We arrive at a small cluster of ramshackle houses built with mud bricks and reinforced with bits and pieces of plastic. Brightly coloured zitenje (outer wraparound skirts) fill the clothesline and sway lazily in the warm breeze. And then I see her. You’ve seen that look before. Maybe in the news, perhaps on a friend, or worst of all, in the mirror. The hollow-eyed stare of a mother who has buried her newborn child mere hours after her body laboured vigorously to bring forth new and vibrant life. But it has all ended abruptly in tragic death and unspeakable loss. She is an orphaned child bride of 17 years, though her so-called husband left months ago. Her hair is wild, her face swollen as she lifts her shirt to tie a piece of cloth more tightly around her middle. A traditional practice believed to make the uterus shrink back to its original size, she ties it deftly, sure of this one act amid the stretches of insanity that have littered her last days.
Her baby boy was born three days ago without the aid of even a traditional birth attendant. Her grandmother and two aunts were confident in their abilities. But at only 28 weeks gestation, his little lungs could not survive without aid, and he breathed his last breath so soon after his first. I look at her again and I know that she is not OK. Some part of her will never be OK again after this.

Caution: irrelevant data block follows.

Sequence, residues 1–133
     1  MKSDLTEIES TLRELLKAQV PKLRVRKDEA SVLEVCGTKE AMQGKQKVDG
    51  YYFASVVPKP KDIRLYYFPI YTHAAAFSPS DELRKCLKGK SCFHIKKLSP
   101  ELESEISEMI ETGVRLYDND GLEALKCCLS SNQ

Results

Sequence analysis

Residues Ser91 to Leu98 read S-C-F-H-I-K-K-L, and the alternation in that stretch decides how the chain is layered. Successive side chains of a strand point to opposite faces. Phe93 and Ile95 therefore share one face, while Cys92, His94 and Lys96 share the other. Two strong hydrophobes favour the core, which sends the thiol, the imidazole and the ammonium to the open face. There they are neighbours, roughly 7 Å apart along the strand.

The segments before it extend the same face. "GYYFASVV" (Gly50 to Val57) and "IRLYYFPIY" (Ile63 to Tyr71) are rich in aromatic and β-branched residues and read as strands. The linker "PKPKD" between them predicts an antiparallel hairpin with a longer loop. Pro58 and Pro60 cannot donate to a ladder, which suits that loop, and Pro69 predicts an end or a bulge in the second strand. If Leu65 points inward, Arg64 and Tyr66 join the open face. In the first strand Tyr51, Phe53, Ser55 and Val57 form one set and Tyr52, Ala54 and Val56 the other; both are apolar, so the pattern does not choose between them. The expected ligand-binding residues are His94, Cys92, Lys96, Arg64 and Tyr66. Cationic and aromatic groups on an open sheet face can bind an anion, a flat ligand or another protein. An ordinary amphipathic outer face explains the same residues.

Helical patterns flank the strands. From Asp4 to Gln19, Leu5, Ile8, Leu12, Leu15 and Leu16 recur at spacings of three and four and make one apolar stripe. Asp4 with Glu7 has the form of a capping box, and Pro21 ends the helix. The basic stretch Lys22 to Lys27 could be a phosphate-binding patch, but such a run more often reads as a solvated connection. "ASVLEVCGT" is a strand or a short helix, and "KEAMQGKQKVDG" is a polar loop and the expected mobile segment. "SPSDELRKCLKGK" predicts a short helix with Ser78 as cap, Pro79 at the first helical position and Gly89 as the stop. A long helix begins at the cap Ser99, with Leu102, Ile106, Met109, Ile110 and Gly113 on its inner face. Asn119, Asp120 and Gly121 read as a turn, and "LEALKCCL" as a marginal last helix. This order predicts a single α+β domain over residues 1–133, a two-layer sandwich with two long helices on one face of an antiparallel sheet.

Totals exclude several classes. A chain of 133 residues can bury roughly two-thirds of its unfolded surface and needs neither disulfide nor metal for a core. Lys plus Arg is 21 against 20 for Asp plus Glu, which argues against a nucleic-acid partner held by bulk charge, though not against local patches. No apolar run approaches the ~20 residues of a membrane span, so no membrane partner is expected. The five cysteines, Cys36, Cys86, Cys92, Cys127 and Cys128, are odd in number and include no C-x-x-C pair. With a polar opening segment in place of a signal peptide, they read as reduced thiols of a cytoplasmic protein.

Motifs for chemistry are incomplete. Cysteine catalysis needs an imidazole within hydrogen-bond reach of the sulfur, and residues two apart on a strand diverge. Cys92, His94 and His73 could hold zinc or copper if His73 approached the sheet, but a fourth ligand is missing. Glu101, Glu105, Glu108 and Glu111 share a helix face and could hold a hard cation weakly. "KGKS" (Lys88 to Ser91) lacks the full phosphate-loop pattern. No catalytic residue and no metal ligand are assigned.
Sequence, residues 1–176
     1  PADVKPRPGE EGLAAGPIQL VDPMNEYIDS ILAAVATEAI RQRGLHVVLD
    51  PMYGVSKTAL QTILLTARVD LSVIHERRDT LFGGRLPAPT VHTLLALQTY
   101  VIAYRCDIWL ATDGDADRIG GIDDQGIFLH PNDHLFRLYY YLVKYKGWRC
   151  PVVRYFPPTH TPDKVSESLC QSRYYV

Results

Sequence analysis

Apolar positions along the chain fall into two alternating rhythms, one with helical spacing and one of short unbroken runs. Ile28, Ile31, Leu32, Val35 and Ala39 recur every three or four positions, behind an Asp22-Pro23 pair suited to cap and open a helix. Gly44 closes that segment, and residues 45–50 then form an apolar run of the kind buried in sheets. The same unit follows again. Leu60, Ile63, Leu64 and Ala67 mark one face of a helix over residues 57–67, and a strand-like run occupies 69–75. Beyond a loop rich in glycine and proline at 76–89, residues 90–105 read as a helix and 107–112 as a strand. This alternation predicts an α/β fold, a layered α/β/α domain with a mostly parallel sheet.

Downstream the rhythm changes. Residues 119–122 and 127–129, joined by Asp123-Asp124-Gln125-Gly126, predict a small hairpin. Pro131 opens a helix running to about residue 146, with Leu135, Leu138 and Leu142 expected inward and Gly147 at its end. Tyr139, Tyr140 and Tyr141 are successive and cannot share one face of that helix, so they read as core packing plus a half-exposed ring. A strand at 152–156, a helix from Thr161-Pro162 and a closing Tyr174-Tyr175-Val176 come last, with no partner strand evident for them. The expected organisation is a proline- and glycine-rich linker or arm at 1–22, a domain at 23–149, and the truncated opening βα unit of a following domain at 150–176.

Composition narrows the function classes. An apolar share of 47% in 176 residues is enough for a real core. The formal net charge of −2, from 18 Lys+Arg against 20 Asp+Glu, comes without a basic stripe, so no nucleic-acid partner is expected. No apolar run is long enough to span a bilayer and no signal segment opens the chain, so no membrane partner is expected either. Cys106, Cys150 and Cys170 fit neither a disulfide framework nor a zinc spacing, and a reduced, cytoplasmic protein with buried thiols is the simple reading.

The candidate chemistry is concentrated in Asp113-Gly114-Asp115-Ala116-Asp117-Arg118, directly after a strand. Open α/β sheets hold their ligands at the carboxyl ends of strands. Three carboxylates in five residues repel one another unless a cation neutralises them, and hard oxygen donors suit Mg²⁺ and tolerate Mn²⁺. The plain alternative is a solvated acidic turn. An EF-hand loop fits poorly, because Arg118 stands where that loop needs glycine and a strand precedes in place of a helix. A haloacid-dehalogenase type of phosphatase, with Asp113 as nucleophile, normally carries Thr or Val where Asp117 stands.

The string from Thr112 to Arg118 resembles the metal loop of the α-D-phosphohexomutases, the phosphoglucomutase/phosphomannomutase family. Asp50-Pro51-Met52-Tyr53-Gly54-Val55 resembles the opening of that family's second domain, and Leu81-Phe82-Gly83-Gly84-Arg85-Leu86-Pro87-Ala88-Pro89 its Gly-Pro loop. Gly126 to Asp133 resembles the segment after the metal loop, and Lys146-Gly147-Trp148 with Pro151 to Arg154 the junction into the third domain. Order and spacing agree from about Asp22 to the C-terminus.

As I make a phone call, I can’t think of what happened that night; I think only of now, of getting her to the hospital now. She is admitted immediately into the maternity hospital and is found to have the entire placenta still intact within her womb. Her own body is slowly poisoning her, silently protesting against its inability to nourish and care for the second heartbeat it has known for these last few months.
Assured that she will get the care needed, it is time to head home, where three dogs race back and forth and four children skip, hop, and jump in their excitement. My husband and I two-step easily to the familiar rhythm of homework, dinner, prayer, baths and bedtime. When all are tucked into their mosquito nets, I connect online with my students oceans and continents away. Research and Writing, Introduction to Missions, Pauline Literature, The Book of Acts—I engage with them theologically, orthopraxy meeting orthodoxy in these moments. The hour is late, but there’s one more load of laundry and there are lunches to be prepared; then checking the kids’ steady breathing, then triple-locking each door before lying down to rest, to dream, and to be refreshed for another day of aching bliss in this global life.
Renatta Walton is a mother of four, a global worker at Village of Hope - Malawi, and an adjunct faculty member at Master’s College & Seminary. Before leaving Canada, she and Jef lived in Barrie, Ont., where she was on staff at Calvary Community Church.
This article appeared in the November/December issue of testimony, a bimonthly publication of The Pentecostal Assemblies of Canada. ©2016 The Pentecostal Assemblies of Canada.